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  • Diabetes
  • Fatigue
  • Arthroplasty device infections
  • Dermatology
  • Gastrointestinal

Content under review

  • Cardiovascular – release planned 2022
  • Rheumatology – release planned 2023
  • Palliative Care – release planned 2023
  • Antibiotic

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May 2022 updates


Guidelines and topics reviewed


Practice-changing updates to other guidelines

The following practice-changing updates were included in Therapeutic Guidelines in May 2022. 

Several functional improvements have been included in this release. The Therapeutic Goods Administration (TGA) pregnancy category and advice on drug compatibility with breastfeeding is now presented in a pop-up box when clicking on the pregnancy and breastfeeding buttons next to a drug recommendation, so users can access this information more directly. Links to the Pharmaceutical Benefits Scheme (PBS) schedule have also been updated, with the PBS button next to a drug recommendation now linking directly to the relevant section of the PBS website, so the latest information is always provided.

Antibiotic guidelines

General

  • The ventrogluteal site is preferred for administration of intramuscular benzathine benzylpenicillin because of reduced pain and risk of nerve injury. Instructions on intramuscular injection of benzathine benzylpenicillin at the ventrogluteal site have been included.
  • Benzathine benzylpenicillin dosing has been streamlined for sore throat, impetigo, and prophylaxis for invasive group A streptococcal (iGAS) infection, with three weight-based bands recommended for dosing instead of five.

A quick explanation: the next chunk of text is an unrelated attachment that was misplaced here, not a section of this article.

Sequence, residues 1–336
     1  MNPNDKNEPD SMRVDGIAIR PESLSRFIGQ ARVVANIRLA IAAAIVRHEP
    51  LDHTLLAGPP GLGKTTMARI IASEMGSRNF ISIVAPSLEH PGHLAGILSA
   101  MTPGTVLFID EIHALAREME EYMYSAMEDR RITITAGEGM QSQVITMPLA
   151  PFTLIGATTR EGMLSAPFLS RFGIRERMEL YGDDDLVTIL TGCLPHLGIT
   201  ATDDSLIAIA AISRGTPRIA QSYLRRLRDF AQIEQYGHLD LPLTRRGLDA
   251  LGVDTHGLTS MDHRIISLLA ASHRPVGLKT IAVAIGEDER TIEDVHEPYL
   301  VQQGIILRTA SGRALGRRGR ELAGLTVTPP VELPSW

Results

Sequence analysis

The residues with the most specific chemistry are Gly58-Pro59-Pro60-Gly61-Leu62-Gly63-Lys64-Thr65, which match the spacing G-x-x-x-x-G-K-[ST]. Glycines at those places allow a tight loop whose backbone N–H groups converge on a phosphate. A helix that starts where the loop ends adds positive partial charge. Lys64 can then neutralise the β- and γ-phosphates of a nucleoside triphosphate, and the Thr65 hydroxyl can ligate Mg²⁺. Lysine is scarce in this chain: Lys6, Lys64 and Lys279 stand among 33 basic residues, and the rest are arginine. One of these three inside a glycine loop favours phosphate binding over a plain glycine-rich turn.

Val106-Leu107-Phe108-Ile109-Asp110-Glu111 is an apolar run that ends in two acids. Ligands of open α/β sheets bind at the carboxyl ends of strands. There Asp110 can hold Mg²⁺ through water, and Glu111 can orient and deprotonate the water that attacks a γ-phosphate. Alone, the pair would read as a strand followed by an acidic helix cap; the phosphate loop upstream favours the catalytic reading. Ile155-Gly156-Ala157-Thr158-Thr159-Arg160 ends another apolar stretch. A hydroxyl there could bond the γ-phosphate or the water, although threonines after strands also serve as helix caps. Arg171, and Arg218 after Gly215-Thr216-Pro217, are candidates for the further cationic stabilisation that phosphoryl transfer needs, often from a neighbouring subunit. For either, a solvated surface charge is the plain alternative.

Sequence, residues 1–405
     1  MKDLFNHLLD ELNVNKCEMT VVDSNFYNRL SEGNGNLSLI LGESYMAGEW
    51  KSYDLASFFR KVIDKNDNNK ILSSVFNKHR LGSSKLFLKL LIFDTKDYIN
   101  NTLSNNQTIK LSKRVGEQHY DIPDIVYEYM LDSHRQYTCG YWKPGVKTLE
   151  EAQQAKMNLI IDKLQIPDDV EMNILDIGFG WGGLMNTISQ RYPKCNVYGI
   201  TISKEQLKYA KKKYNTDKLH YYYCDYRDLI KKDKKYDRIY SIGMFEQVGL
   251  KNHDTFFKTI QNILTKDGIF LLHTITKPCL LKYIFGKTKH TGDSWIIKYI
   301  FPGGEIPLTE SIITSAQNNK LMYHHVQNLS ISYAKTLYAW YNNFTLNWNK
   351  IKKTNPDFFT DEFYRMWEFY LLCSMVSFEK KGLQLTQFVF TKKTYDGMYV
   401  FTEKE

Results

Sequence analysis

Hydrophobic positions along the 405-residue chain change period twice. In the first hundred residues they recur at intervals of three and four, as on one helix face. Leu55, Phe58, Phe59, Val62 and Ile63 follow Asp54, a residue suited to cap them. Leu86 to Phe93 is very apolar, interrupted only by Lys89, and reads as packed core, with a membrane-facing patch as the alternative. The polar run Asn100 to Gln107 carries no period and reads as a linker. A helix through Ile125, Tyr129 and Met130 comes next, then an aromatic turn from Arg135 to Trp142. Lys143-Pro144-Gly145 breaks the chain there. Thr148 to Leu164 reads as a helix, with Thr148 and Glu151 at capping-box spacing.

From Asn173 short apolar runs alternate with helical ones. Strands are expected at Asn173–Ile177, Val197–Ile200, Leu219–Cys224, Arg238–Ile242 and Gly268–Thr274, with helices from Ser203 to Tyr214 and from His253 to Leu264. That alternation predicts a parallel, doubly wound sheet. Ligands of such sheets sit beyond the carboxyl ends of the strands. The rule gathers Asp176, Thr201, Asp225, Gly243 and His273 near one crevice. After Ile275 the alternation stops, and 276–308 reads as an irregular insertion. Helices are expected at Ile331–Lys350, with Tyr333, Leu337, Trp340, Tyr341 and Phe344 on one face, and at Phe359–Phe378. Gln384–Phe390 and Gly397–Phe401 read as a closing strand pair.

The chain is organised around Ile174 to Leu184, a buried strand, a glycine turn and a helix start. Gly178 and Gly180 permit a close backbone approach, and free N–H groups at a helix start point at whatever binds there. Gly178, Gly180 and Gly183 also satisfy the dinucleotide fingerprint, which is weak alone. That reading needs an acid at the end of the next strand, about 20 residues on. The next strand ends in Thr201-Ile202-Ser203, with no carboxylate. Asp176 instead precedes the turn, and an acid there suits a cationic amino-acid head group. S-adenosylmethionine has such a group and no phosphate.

• Advice on compatibility with breastfeeding for trimethoprim+sulfamethoxazole has been updated.
  • The primary care summary table has been updated to include the changes to management of sore throat.

Liver abscess

  • Based on new evidence, an early switch to oral therapy can be considered for Klebsiella pneumoniae liver abscess in patients who are not critically ill and do not have metastatic infection.

Antibiotic management of chronic obstructive pulmonary disease (COPD)

  • Fever has been removed from the criteria for suspecting a bacterial cause of COPD exacerbation because it is not a sensitive marker for infection. The limited benefits of antibiotic therapy for bacterial exacerbations of COPD outside of the intensive care setting have been emphasised.

Prevention of infective endocarditis

  • Studies have demonstrated that rheumatic heart disease is an independent risk factor for infective endocarditis and adverse outcomes from this disease. Therefore, infective endocarditis prophylaxis is now recommended for all patients with rheumatic heart disease undergoing certain procedures.
  • A footnote has been added to clarify that obstetric procedures (eg caesarean section) are not considered to be genitourinary procedures when discussing procedures for which endocarditis prophylaxis is recommended for patients with a specified cardiac condition.

Impetigo

  • Advice has been added on the management of impetigo in patients receiving benzathine benzylpenicillin for prevention of recurrent acute rheumatic fever.

Malaria

  • A quantitative test for assessing glucose-6-phosphate dehydrogenase activity to enable the safe use of tafenoquine is now available in Australia; the footnote about use of tafenoquine for radical cure of P. vivax malaria has been updated.

Shingles

  • A footnote has been added to explain that the quantity of famciclovir listed on the Pharmaceutical Benefits Scheme to treat shingles in patients who are not immunocompromised is not sufficient for the recommended course of treatment.

Lyme disease